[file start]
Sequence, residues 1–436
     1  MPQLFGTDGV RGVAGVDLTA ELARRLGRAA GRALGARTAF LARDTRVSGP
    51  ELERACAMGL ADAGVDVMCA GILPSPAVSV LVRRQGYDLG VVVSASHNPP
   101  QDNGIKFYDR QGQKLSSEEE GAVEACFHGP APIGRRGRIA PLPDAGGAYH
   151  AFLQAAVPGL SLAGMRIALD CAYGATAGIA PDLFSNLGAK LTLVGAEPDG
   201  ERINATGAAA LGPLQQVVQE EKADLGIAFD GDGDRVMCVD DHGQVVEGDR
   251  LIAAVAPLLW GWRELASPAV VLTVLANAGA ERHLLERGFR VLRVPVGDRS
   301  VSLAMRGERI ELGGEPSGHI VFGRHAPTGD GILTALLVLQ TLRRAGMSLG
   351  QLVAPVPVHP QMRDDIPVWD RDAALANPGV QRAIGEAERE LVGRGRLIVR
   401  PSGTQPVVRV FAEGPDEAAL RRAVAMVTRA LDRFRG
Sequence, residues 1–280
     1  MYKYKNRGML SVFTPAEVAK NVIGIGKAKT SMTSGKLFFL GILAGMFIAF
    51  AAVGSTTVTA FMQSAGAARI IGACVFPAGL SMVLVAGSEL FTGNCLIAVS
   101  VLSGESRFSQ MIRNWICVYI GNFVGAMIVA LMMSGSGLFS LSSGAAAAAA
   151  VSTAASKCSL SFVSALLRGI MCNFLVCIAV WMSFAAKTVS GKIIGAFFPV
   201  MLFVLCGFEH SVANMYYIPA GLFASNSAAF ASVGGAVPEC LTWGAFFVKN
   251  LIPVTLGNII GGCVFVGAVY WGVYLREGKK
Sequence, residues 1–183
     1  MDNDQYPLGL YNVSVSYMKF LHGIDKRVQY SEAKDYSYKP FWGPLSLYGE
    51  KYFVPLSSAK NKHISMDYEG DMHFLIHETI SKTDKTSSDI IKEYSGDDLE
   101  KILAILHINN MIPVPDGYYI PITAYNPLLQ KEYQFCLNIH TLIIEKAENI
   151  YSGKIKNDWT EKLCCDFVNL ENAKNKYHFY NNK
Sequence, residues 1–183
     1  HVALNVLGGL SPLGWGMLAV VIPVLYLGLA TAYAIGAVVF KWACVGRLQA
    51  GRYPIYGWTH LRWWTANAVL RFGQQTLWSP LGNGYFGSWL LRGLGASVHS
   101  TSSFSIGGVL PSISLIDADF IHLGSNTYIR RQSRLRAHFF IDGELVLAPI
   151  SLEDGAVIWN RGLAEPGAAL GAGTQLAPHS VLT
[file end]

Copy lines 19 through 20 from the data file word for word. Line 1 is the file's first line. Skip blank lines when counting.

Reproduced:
     1  MDNDQYPLGL YNVSVSYMKF LHGIDKRVQY SEAKDYSYKP FWGPLSLYGE
    51  KYFVPLSSAK NKHISMDYEG DMHFLIHETI SKTDKTSSDI IKEYSGDDLE